At Covenant, we lovingly hold to the Bible, the Scriptures of the Old and New Testaments, firmly believing it to be God’s holy, infallible, inerrant, and life-giving word.
As Reformed Christians, we emphasize from Scripture:
- The absolute sovereignty of God (God rules—he is in charge, in complete control);
- The doctrines and reality of amazing grace (the shockingly good news of the gospel); and
- The supreme lordship of Jesus Christ (over all of life).
As a confessional church, Covenant not only adheres to the ecumenical creeds of the universal church (the Apostles’, Nicene, and Athanasian Creeds), but we also confess the teaching of the Westminster Confession of Faith and Larger and Shorter Catechisms as faithful summaries of the Bible and its message.
As Presbyterians, we follow the New Testament pattern of church government, which we believe is that of Christ ruling his church by his word and Spirit through a group of “elders” (coming from the Greek term presbuteros) on every level. Each local congregation is governed by a “Session,” made up of the minister(s) and ruling elders. Deacons also assist by supervising works of Christian mercy for our church family as well as those in need in our community. These ordained leaders are elected by the congregation and must be biblically qualified (1 Timothy 3:1-13).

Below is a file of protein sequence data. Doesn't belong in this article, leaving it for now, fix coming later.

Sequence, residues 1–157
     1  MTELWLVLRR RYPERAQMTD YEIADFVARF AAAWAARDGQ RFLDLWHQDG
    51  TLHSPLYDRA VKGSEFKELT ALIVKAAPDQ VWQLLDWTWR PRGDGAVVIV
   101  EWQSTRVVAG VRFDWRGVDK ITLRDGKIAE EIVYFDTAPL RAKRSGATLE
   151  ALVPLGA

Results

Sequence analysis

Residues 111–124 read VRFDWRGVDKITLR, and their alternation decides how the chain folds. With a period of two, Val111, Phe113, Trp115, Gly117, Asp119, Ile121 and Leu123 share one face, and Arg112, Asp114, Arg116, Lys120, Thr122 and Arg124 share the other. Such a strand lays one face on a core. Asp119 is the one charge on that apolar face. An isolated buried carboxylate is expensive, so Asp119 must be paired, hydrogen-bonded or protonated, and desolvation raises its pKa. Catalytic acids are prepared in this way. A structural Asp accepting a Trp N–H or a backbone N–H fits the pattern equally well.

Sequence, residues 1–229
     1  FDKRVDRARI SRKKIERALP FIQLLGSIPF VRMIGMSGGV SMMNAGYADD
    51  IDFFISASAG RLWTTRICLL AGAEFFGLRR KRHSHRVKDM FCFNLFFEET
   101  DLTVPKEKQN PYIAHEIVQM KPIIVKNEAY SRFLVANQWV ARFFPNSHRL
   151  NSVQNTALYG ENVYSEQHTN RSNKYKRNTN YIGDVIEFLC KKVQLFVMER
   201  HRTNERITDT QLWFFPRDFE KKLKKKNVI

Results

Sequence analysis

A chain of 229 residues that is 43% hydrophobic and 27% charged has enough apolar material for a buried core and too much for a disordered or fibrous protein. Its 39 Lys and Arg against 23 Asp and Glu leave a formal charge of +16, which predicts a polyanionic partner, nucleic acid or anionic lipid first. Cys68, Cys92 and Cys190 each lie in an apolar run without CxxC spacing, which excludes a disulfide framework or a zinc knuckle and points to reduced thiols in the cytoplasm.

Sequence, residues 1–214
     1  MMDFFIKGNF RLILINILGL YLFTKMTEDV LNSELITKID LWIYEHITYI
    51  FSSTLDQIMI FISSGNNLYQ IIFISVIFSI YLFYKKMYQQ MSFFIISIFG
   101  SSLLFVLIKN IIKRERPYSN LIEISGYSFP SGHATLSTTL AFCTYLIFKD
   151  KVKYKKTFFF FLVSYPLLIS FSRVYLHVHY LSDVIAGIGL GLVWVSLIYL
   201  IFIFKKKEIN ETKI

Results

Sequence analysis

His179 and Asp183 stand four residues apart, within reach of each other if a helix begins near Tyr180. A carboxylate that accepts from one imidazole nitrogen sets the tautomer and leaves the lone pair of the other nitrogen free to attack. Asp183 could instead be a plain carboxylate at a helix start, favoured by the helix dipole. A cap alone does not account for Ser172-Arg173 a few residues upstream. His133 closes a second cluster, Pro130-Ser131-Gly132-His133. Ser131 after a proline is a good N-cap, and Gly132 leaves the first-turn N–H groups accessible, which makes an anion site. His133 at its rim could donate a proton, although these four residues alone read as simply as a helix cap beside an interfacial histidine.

One highly recommended, shorter version of what Reformed and Presbyterian Christians believe has been written by the old Princeton theologian of about 100 years ago, B.B. Warfield.
Covenant is a congregation committed to the historic Christian faith. This does not mean that we are hidebound traditionalists, but it does mean that we are a part of something that has been living and breathing for hundreds, even thousands, of years. We are part of the Orthodox Presbyterian Church (OPC), belonging to its Presbytery of the Midwest. We are part of the Protestant branch of the Christian church family tree, tracing our theological roots to the Protestant Reformation of the 16th century—in particular to the confessionally Reformed and Presbyterian tradition promoted by great men of God like John Calvin and John Knox. Ultimately, of course, we see ourselves as heirs, along with all Christians, of the apostolic church of the New Testament.